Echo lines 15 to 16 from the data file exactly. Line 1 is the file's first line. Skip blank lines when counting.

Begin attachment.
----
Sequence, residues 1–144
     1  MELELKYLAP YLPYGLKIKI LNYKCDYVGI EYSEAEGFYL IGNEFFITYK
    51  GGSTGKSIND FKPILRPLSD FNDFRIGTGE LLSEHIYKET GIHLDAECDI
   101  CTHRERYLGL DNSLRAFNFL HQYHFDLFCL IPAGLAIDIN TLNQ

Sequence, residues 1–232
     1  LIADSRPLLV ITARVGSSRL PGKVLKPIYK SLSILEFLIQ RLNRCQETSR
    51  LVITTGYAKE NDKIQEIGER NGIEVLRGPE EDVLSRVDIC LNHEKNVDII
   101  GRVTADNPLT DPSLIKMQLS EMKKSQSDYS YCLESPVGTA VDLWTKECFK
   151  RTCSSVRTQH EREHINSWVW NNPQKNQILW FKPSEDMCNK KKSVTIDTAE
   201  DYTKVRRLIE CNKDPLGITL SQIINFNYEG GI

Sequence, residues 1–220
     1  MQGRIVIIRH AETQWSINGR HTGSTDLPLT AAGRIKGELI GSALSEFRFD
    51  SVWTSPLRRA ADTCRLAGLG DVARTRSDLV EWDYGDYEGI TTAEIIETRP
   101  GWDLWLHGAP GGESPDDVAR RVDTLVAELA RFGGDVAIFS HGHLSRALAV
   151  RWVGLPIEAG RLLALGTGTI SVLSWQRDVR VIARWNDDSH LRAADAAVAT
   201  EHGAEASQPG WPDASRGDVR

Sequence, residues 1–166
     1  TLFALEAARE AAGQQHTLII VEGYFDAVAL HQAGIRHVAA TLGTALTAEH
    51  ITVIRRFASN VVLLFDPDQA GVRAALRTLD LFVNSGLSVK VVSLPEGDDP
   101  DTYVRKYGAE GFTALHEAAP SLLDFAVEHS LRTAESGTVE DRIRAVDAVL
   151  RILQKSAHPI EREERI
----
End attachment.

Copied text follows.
   151  RWVGLPIEAG RLLALGTGTI SVLSWQRDVR VIARWNDDSH LRAADAAVAT
   201  EHGAEASQPG WPDASRGDVR